While many of the first interactive television applications were hand-coded by computer programmers using software development kits, a number of competing authoring products are emerging that aim to empower producers and designers to create interactive applications.

Creative individuals in the television industry have been somewhat disenfranchised from the interactive production process which has hitherto largely employed software development methodologies.

New desktop authoring tools claim to open up the process to the creative community. Among them, emuse Modelstream and ensequence on-Q are aiming to establish their supremacy in this emerging market.

Nigel Walley of Decipher introduced the session on Cool Tools & Technologies for Interactive Television, representing products that aim to restore control to the creatives.

Dominic Leval of emuse technologies, based in Dublin, Ireland, presented an overview of their Modelstream suite of authoring tools which aim to provide intuitive, powerful desktop based software for creating interactive applications. He argued that creative potential has been impeded by the engineering process and tools associated with interactive television which has stunted the exploitation of interactivity by the creative community. Significantly the process is generally called development, reflecting its software engineering emphasis, rather than production. A catalytic change is therefore required to drive the creative evolution of the medium, similar to that produced by Adobe for desktop publishing or Avid for nonlinear video editing.

Observing that the best television is made by people who understand the medium, there is a requirement for a design suite that integrates traditional television workflows. This should support rapid design, enabling the re-use of existing assets, to enable creative pitches to be made with prototypes that could be turned directly into deployable applications.

Lowering the barriers to entry, at Milia emuse announced Modelstream Plan, a 2,000 euro product that allows the development of prototypes, together with a freely distributable reader. The Modelstream Pro production tool is priced at 15,000 euros. Modelstream Generate, which is required to target specific middleware plaforms, is aimed at post-production houses, while Modelstream Playout provides tools for broadcast facilities to enable application play-out.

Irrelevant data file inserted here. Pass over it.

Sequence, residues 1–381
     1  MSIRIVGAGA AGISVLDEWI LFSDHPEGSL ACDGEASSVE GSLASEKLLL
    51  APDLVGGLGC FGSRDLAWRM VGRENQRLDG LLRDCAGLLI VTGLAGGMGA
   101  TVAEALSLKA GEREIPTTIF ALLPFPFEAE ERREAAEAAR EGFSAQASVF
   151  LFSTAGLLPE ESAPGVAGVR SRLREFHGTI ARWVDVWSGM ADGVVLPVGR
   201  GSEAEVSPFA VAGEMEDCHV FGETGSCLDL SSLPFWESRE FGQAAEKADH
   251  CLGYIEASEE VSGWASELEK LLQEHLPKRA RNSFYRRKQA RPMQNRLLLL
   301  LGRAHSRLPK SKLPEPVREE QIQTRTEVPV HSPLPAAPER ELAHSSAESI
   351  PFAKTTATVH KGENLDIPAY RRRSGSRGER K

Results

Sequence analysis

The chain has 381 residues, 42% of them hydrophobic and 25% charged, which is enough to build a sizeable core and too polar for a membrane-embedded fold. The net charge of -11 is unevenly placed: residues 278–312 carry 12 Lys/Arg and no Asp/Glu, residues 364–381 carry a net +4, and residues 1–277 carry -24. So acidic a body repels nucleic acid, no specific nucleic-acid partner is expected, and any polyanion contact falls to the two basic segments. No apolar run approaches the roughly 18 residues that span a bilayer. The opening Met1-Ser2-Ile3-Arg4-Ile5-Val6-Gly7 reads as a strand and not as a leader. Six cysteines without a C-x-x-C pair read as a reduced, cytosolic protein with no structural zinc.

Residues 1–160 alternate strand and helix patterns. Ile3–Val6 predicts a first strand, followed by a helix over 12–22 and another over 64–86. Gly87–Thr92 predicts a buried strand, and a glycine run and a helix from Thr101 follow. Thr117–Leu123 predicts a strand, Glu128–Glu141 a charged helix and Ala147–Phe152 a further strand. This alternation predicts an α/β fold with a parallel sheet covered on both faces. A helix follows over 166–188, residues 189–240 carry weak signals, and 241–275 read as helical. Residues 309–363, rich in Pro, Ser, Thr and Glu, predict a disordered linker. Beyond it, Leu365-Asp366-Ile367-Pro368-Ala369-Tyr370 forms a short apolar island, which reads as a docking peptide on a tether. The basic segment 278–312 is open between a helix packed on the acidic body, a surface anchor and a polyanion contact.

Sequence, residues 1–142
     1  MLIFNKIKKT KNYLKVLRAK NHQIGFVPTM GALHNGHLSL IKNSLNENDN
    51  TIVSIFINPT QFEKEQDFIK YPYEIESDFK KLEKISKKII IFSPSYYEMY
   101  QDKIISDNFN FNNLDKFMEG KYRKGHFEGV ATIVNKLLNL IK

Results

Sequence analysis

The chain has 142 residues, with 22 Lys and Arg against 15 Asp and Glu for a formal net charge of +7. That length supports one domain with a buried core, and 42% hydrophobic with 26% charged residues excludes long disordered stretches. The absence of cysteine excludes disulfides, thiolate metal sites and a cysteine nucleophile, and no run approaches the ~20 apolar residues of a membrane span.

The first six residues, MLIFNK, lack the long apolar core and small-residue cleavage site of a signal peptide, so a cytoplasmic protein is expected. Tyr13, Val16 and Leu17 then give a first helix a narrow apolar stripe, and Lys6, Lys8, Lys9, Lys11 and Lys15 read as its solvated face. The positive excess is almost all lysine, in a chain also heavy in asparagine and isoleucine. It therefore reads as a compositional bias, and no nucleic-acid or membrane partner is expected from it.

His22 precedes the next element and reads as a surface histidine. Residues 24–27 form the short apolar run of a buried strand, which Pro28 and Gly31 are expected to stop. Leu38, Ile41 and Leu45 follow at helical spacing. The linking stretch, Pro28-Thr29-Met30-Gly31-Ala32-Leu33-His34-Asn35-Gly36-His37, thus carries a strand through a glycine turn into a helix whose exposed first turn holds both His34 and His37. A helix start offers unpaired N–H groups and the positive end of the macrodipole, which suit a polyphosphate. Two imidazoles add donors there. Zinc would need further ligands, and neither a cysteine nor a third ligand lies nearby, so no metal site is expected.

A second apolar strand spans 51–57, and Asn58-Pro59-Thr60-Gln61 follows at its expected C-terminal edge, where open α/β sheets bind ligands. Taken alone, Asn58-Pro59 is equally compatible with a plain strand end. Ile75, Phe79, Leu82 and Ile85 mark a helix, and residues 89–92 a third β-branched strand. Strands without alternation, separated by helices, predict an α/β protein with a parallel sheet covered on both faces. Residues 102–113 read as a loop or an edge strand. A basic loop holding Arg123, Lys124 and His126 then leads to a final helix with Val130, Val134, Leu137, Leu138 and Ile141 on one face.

John Holland of Ensequence introduced their on-Q suite of authoring, publishing and play-out tools for cross-platform interactive television. Based in Portland, Oregon, Ensequence grew out of an interactive division of Intel. He acknowledged that they were competing ‘head to head’ in the market with companies such as emuse. The objective was to provide tools that allow users to author once and publish to multiple platforms. Their product currently supports OpenTV and some versions of Liberate, with the ability to support additional platforms likely to be driven by demand.

The emphasis is on promoting the creative process, employing the existing skill sets of interactive designers familiar with products such as Macromedia Flash or Director using visual tools and a scripting language known as TVScript. This allows rapid prototyping of applications to enable creatives to express their ideas interactively and demonstrate their concepts.

The on-Q Studio is used for application creation and on-Q Simulator enables testing and debugging. A distributable on-Q viewer provides visibility of the productions in development to stakeholders to facilitate project management and application sign-off. The on-Q tools also support templates to enable efficient production of episodic programmes, allowing routine content entry to be delegated to production staff. Applications are compiled for specific platforms using the on-Q Packager, while on-Q Broadcast is used by broadcasters to integrate with other systems to play-out, synchronize and update applications as required.

The on-Q Studio, Package and Broadcast tools are licensed on an annual per seat basis, with broadcast and episodic fees chargeable per application produced.

Jean-Christophe Jubin of high tech tv, based in Grenoble in the French alps, described a different model of production, also aimed at non-developers. He suggested that essentially there were two schools or approaches to the problem: either using a ‘studio’ authoring tool or a template based system. The httv Prime TV products provide functionality for generic applications such as quizes or votes using customisable templates that deliver end-to-end publishing solutions integrating back-end systems and business logic. This reflects the reality that many interactive applications still rely on integrated systems to deliver services. The httv systems currently target OpenTV, MediaHighway, MHP and Liberate middleware.

httv is also involved in a project assisted by the French government to investigate close synchronisation of applications to the broadcast stream.

David Jensen of Zetools, based in Los Angeles emphasised the importance of the temporal dimension. Reflecting the web-based approach typically adopted in the States to date, he suggested that they were taking the television concept of temporal ‘flow’ and applying it to the internet. The name of the company signifies the use of this Z axis in addition to the X and Y spatial domain of typical web publishing. While much of the activity in America has involved a two-screen experience employing both television and the web, there is also a move to so-called ‘composite’ media that integrates broadcast material within an augmented web-delivered environment.

The emuse and ensequence tools adopt a similar approach to the creation, packaging and playout of interactive applications. Competition in this area can only be beneficial, but there is a risk that the market will become confused and fragemented unless a clear leader emerges.